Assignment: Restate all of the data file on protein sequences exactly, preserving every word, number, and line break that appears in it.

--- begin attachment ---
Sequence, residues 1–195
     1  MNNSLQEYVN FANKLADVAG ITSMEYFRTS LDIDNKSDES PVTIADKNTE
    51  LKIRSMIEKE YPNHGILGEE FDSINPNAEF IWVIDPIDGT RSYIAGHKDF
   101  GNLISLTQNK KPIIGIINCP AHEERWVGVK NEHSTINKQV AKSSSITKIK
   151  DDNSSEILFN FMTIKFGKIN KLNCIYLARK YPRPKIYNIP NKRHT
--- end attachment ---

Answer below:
Sequence, residues 1–195
     1  MNNSLQEYVN FANKLADVAG ITSMEYFRTS LDIDNKSDES PVTIADKNTE
    51  LKIRSMIEKE YPNHGILGEE FDSINPNAEF IWVIDPIDGT RSYIAGHKDF
   101  GNLISLTQNK KPIIGIINCP AHEERWVGVK NEHSTINKQV AKSSSITKIK
   151  DDNSSEILFN FMTIKFGKIN KLNCIYLARK YPRPKIYNIP NKRHT